In this section also, one realizes a number of similarities in the materialization of a European affiliated notion of art amongst individual territories – for instance, the discriminatory practices and the contributions of expatriates to art training in the early periods, and the consequences of art instruction for locals by locals.
Stanley Greaves is a well-respected Guyanese artist and teacher. Trained in Guyana, the United Kingdom and the United States in fine art, he has an appreciable biography of teaching in Guyana and Barbados; he received a Diploma in Art Education while in the UK. He has also served the Caribbean Examination Council in its design of the Art and Craft Syllabus
One is able to consider how art was instrumentalized within the region, especially in independence struggles and in the formation of national identities. Contrary to what “picturesque” imaging of the Caribbean has suggested, visual art in the hands of locals almost immediately exhibited a studied, self-reflective character and tended to lack the superficiality of the entertained visitor. This is well suggested in the historical narratives.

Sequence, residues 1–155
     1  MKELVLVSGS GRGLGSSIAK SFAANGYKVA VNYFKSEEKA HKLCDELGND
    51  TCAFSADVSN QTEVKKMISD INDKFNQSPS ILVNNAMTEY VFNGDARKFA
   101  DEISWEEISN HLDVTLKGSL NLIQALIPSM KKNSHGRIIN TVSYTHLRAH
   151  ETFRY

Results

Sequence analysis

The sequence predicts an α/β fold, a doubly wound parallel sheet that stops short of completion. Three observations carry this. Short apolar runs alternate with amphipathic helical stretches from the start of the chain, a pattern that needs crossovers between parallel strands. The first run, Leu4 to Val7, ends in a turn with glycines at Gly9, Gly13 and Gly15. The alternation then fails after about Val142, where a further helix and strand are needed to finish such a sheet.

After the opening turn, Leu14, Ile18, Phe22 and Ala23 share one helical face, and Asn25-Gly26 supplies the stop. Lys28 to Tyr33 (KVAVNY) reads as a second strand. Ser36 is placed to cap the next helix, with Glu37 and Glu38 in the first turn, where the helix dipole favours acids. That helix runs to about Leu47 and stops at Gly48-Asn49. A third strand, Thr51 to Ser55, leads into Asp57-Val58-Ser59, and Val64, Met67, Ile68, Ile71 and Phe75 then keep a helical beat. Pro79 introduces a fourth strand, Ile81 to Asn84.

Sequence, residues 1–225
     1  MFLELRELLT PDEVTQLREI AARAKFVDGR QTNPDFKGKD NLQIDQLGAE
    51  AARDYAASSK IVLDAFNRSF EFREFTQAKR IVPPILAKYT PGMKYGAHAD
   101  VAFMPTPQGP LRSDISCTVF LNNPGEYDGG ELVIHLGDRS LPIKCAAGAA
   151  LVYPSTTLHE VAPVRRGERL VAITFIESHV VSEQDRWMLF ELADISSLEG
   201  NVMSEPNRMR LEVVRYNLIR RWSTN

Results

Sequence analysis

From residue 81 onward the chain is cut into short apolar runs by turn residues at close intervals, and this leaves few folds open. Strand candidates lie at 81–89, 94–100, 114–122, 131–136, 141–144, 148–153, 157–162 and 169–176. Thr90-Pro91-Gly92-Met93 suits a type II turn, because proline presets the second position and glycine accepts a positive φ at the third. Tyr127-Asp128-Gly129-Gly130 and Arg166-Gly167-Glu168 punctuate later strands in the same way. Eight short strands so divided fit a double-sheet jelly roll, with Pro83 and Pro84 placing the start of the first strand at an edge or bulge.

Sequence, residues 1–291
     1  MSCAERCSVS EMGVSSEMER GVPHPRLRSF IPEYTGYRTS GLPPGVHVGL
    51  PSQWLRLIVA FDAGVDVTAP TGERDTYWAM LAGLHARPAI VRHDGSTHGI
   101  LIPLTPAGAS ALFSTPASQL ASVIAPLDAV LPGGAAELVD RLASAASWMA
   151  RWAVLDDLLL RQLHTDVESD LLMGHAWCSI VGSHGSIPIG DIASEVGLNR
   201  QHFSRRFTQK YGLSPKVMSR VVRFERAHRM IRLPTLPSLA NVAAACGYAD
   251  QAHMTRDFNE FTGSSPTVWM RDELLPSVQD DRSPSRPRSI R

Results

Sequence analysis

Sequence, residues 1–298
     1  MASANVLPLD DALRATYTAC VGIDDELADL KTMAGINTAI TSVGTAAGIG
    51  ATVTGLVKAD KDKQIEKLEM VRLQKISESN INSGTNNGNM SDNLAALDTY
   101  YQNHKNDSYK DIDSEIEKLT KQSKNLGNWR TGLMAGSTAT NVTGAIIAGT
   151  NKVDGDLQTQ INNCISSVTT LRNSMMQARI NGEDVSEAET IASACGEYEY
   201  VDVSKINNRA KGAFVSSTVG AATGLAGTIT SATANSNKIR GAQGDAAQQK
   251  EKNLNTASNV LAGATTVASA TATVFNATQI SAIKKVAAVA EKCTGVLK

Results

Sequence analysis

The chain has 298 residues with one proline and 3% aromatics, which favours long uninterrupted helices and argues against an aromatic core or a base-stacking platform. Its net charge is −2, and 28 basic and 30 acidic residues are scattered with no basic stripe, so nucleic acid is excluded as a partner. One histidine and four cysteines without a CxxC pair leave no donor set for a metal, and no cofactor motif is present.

Through this section, one also becomes familiar with the varied efforts over the last few decades in particular (whether through artist collectives or governments), to situate art emerging from their territories within a regional and international discourse. As an artist, one can be encouraged by these initiatives, as several have sought to collectively engage the region’s artists.
A disappointing feature, and one the authors could not have avoided for possibly a number of reasons, is the paucity of image reproduction within the ‘Historical Background’ section. Works are mentioned within the narratives which one realizes are of great importance, but no accompanying image is available.
But this disappointment may be largely due to the reality of the situation the text attempts to address – to offer in one ‘place’ a sense of the rich art history and contemporary art situation of the Caribbean. Because while soca and reggae permeate the island and mainland territorial boundaries with ease and speed, even in an age of the Internet, this does not happen with art and the discourses it provokes. However, our visual art output defines us as much as our music and dance. These histories will also serve as good points of departure for more substantial investigation.